Public transportation can be a hotbed for sexual violence against women. To address it, city officials and private individuals around the world are creating women-only modes of transportation that allow women to get from point A to point B without the threat of unwanted sexual contact. Here are some of the ways women can commute without the annoying and often dangerous hassle.
Rickshaw: Lahore, Pakistan
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Fed up with being groped and harassed by male rickshaw drivers, Zar Aslam created a women-only rickshaw service. She has only built one car so far, but hopes to expand the service in Lahore, Pakistan.
Sunita Choudhary became the first female rickshaw driver in North India back in 2012. She started the job to make extra money while fighting court cases against her husband. On the back of her taxi, it reads: “Life is a struggle … This cab gives free rides to the injured and accident victims.”
A women-only minibus service is operating in Nepal’s capital city that aims to make women feel more comfortable and secure as they travel. According to a 2013 World Bank survey, around a quarter of young women in Nepal have been subjected to sexual harassment on public transportation, which is particularly problematic during peak hours.
Bus: Rawalpindi and Islamabad, Pakistan
The first minibus service for women sick of wandering hands and unwanted attention on regular bus services was launched by Pakistani authorities last year. However, it has come under fire from some, who worry it only encourages misogyny. Journalist Erum Shaikh wrote, “The mere fact that the authorities thought it appropriate to introduce something like this should actually offend women and yet we sit there, smile, look pretty and let the big, tough, muscular men build walls around us to ‘protect’ us.”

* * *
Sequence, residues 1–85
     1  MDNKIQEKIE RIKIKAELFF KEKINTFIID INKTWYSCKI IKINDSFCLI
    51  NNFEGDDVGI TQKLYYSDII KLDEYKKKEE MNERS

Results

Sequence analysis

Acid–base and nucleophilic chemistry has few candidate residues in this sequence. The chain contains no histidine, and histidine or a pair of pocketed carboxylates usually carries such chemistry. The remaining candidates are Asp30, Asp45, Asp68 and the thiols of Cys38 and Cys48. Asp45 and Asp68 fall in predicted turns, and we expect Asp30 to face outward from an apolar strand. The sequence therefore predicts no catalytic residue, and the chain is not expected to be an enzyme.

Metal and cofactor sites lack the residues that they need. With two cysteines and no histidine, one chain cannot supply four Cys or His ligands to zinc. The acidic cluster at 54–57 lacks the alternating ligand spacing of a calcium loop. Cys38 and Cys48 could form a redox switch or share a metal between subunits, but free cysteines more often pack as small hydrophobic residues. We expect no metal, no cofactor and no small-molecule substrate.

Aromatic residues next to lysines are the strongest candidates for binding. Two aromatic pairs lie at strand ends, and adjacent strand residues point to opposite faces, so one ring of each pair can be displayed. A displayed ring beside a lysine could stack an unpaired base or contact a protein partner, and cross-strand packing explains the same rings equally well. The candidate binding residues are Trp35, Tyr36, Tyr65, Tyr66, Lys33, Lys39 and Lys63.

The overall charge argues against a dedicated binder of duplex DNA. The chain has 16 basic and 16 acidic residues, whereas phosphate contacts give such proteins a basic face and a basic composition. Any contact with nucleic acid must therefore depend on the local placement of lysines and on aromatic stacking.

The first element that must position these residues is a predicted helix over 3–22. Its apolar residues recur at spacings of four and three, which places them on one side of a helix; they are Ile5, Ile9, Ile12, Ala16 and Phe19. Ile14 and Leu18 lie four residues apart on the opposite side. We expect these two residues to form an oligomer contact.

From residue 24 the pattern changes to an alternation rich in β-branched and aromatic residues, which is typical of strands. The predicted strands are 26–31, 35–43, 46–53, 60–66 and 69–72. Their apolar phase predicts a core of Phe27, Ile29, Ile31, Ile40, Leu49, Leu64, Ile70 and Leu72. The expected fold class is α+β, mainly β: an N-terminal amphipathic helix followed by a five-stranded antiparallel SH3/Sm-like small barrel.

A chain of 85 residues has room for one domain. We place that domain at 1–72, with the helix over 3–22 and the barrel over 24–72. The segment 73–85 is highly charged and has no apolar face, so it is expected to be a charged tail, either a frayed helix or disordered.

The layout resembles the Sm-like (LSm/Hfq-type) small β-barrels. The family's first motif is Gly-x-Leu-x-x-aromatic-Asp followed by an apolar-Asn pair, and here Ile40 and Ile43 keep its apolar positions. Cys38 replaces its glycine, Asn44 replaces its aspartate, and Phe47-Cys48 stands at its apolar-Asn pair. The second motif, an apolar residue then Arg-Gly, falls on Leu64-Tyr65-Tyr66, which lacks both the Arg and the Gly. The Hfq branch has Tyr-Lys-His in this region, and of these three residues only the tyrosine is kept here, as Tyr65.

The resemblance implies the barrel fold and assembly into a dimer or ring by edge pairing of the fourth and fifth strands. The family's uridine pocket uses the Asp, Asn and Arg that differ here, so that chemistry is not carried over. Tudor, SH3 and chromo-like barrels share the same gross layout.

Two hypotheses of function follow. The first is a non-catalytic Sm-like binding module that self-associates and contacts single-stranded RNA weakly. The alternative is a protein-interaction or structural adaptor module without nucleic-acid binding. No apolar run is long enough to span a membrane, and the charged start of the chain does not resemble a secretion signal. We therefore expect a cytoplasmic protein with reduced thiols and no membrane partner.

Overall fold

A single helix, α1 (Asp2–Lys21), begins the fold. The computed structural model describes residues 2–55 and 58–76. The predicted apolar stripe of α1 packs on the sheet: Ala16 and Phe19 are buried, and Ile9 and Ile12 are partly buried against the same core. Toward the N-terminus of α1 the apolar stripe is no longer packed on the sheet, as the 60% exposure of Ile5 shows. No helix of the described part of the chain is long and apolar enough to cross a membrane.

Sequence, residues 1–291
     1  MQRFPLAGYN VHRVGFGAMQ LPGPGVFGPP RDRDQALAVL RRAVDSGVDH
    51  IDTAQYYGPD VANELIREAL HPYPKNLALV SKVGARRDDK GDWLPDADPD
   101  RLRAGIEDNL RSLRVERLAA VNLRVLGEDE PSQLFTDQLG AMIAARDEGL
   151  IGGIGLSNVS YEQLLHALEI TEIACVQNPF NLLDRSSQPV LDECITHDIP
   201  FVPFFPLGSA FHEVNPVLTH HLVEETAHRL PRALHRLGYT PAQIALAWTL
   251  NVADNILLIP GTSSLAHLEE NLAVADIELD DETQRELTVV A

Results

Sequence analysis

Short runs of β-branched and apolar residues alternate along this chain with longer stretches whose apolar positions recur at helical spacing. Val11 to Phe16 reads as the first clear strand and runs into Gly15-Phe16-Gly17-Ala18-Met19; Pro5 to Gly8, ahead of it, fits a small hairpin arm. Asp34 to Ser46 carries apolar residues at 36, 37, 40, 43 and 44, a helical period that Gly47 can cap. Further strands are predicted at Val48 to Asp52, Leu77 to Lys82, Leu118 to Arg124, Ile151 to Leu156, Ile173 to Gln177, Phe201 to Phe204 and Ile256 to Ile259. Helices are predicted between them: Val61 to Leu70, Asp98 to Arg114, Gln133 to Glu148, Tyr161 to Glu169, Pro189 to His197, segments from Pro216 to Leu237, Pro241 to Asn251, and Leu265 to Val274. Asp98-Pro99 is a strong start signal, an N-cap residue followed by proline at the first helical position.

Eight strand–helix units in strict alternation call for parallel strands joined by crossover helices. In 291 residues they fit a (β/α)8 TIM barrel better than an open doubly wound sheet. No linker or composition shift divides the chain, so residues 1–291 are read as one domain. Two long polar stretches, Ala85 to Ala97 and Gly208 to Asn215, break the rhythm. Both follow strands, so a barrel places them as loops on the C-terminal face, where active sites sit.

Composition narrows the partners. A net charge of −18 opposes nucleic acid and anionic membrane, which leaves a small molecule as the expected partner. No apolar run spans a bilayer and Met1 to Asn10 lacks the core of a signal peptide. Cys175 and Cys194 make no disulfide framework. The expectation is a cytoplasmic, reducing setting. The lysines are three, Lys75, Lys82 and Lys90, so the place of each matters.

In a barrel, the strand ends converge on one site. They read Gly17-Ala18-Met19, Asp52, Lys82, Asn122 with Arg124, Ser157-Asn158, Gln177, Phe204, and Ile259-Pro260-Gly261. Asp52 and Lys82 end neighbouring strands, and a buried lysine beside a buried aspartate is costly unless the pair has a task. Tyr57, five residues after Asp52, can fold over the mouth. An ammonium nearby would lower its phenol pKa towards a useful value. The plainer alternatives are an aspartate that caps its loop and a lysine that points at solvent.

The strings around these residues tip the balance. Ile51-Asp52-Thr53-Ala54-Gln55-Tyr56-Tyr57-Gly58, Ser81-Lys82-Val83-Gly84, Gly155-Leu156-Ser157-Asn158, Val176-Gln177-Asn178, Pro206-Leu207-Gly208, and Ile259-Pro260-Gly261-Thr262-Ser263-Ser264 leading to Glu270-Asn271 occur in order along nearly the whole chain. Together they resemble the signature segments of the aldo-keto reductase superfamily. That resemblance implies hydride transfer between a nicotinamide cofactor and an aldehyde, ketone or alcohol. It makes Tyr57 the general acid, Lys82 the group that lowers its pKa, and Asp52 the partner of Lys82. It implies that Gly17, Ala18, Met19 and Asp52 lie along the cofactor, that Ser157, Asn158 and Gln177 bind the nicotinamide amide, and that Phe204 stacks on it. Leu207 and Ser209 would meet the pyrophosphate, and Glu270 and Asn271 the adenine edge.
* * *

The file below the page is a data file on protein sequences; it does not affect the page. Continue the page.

Bus: Kuala Lampur, Malaysia
— Yusri (@fityusri24) February 11, 2014
Transport officials launched the Rapid Lady Bus service, which carries women—and only women—through the city during rush hour.
Metro: Cairo, Egypt
In Egypt, where 99 percent of women have experienced sexual harassment, according to a report published by U.N. Women in 2013, designating women-only subway cars might have seemed a smart safety measure. But, some there question the implications of segregating public space by gender, and whether or not women-only cars are the best way to prevent harassment. “Men ride the women’s car and specifically ride it just to target women,” said Rebecca Chiao, founder of Harassmap a volunteer-based initiative that works to end the social acceptability of sexual harassment.
Metro: Tokyo, Japan
Tokyo’s Metro adopted women-only cars for the morning rush hour to give women, elementary school students and younger children a higher sense of security. After years of failed attempts to eliminate groping on subways, the cars provide an alternative to crowded co-ed commutes. But some women worried whether they’d be seen as willing victims if they opted to board co-ed cars instead.
The city of Rio De Janeiro introduced women-only train cars in 2006. The first women-only cars in Brazil were introduced to Sao Paulo back in 1995, but were discontinued due to complaints from married couples, and the possibility of violating Article 5 of the Brazilian Constitution, which guarantees equality among citizens.
Taxi: New York City
SheRides, a smartphone app founded by Stella Mateo that offers female passengers women-only drivers, was the first of its kind in New York City, where 98.9 percent of yellow cab drivers are men, and taxi driving is one of the most dangerous jobs for workers in a large city.
Taxi: Mumbai, India
Viira Cabs, based in Mumbai, provides door-to-door taxi service to females, with women-only drivers. The cabs are also monitored on a GPS system with panic alerts. Not only that, the company provides job training and driver education for women from low income groups.